Ontological Status

The ontological status of the BCTs and the categories of experience they represent are still unclear. Are the qualities of “redness” and “blueness” part of the basic genetic patrimony of every human, hardwired into human brains (as the universalist position has it)? To what extent is the genetic endowment modified by formative visual environment and cultural factors? (specifically, the color lexicon of one’s first language).

A number of MDS studies have elicited judgments of dissimilarities among pairs of color terms rather than pairs of hues. The resulting solutions, in which the BCTs are embedded in a conceptual color space, show no substantial differences between languages (e.g., English and Mandarin) or from perceptual MDS models [11]. Notably, color-deficient informants internalize the normal relationships within color space such as the diametrical opposition between “red” and “green” [12]. That is, they are intellectually aware of color relationships that they have not detected from observation. MDS has also been applied to empirical relationships among BCTs, using the number of samples on the boundary between two BCCs as the index of their similarity.

The issue has inspired comparisons with non-English and non-European languages. It early became evident that many cultures do not emphasize hue as a topic of discussion to the same extent as English. Many languages do not distinguish “color” from other qualities of surface appearance such as lightness, sheen, or texture: depending on context, words may refer to color or some other visual effect. A notable example is the difficulty of translating putative color adjectives in the Iliad from Homeric Greek into consistent English equivalents. In other languages, terms may have chromatic applications but are enmeshed in a web of cultural connotations.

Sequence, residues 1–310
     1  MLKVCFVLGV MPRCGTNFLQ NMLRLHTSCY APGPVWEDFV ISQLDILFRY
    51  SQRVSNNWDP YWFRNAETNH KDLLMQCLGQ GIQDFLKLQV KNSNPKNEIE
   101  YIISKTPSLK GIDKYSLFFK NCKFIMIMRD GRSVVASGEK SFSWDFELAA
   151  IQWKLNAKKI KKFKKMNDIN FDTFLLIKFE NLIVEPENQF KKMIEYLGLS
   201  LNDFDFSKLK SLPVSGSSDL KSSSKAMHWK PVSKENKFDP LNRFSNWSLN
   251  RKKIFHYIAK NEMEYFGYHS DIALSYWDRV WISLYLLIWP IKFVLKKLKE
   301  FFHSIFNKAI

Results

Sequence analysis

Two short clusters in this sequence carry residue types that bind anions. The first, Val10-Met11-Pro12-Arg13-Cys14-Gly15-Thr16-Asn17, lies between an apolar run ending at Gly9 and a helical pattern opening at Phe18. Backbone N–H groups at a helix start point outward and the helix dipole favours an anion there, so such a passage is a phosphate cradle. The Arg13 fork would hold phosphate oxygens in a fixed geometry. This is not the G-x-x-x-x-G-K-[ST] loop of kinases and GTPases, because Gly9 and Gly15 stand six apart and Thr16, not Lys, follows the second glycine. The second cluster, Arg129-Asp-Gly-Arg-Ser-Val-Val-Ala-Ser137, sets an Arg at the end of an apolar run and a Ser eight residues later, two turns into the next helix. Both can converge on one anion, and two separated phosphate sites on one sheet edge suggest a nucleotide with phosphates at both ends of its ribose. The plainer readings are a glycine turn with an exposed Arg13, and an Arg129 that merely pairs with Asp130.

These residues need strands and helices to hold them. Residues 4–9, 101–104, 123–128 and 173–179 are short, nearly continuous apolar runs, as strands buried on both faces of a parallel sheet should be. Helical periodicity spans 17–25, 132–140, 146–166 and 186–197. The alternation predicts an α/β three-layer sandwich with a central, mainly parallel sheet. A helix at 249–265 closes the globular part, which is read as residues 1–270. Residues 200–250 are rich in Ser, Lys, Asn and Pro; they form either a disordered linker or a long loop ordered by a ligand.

Systematic cross-cultural research requires a standardized palette of hue samples. Informants are presented with each sample in term and asked to identify its color. One such palette, the Munsell array, has been featured in the World Color Survey and the Mesoamerican Color Survey and in numerous studies of individual cultures (see entry  World Color Survey).